Love in the Time of Coriander

Thoughts on food & more.

Friday, March 25, 2005

My Parents Immigrated from India

My parents immigrated to the United States in the 1970s from South India, a time when finding now-ordinary items like cilantro were very scarce. They traveled many miles, often to nearby metropolitan areas to stock up on dhals, rice, spices, and Indian vegetables. These treks were rituals, searches for my family and our Indian friends, against the grain of American cuisine, to recreate the familiar tastes and flavors of their childhood.

What I ate in the home as a child might still sound foreign and unappetizing to many Americans who are more accustomed to steak-and-potato palates. To other, more adventuresome types, my mother's cooking can be elevated to the level of haute cuisine and is quickly becoming inspiration for the opening of restaurants and the writing of Indian cookbooks. Friends who were fed Hamburger Helper meals too many times in one week say they envy the Indian-food-every-day diet.

But I was (and still am) the stubborn child who always craved something other than Indian food. Don't get me wrong. I liked Indian food. But I wanted more than just Indian food. Could my mother maybe make the Sloppy Joe's that Katy's mom made once a year? Or, could we have french toast with strawberries on a Sunday morning instead of idlis and coconut chutney?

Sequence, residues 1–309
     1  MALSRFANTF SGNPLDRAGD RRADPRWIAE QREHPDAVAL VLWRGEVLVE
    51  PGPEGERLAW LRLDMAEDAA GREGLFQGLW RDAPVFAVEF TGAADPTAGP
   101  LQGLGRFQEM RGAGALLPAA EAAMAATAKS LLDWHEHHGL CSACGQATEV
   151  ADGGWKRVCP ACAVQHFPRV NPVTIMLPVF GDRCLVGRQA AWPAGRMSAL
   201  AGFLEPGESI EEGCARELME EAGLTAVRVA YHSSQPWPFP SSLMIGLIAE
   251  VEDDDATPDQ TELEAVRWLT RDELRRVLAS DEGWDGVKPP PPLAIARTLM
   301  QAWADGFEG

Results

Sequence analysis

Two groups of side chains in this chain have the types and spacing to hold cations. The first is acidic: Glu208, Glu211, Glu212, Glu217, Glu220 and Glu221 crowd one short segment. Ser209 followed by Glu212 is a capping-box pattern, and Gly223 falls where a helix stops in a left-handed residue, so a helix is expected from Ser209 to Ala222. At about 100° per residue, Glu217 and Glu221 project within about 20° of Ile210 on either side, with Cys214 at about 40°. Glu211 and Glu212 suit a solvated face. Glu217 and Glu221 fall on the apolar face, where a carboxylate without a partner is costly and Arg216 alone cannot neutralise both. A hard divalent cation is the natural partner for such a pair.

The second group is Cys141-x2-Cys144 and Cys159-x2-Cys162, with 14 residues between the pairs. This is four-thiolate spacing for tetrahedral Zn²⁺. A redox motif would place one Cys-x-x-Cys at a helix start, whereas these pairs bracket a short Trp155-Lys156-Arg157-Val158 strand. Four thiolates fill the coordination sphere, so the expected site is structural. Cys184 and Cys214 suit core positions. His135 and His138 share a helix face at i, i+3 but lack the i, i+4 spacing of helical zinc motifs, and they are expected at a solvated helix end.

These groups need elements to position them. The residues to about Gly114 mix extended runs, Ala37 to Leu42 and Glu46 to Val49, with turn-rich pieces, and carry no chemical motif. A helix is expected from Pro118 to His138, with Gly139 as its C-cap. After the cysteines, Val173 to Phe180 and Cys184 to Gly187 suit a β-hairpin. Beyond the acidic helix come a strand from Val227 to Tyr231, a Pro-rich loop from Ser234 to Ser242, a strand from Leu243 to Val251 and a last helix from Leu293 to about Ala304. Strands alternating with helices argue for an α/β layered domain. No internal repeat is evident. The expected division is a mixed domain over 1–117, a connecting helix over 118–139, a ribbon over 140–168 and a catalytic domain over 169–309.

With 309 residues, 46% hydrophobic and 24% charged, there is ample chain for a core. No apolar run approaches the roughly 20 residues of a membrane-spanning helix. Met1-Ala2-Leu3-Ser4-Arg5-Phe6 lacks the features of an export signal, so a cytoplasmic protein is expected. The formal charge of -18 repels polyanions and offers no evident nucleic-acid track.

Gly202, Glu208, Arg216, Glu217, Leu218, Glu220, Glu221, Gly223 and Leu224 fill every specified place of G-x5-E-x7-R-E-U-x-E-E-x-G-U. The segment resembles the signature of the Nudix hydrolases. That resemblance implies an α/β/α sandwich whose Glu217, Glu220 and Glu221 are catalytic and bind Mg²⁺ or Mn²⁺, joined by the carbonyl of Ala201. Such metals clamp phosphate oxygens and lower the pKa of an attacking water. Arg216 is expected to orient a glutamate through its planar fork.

My father had always cursed me for this exploratory tongue, though he was also a food taster and lover. After coming home from a long day of work, he'd ask spontaneously if my brother and I were craving noodles from Peking Palace or Thai red curry with chicken. These were rhetorical questions, for if we answered no, he'd have overwritten the veto. I remember once, on a family vacation, we dined in an all-American middle-of-the-road chain establishment. As the meal was coming to a close, my father eyed the captivating apple pie a la mode on the menu and asked if we'd go in for a share. We all refused him, and he sat stubbornly with his arms crossed and huffed like a child who'd been just denied a toy.

Despite this kinship that we shared, my cravings frightened him. They were a metaphor for something much greater--that I might forget who I was and where my family had come from. If not for the smells of cumin and coriander wafting through the house, who would I be? If I chose burgers over dosas, was I saying, unconsciously, that I was assimilating all too quickly into the fabric of America? For myself, I know that my desire to taste the world has never meant that India has no place in my heart. It's just that, like I said, I wanted to taste the world.


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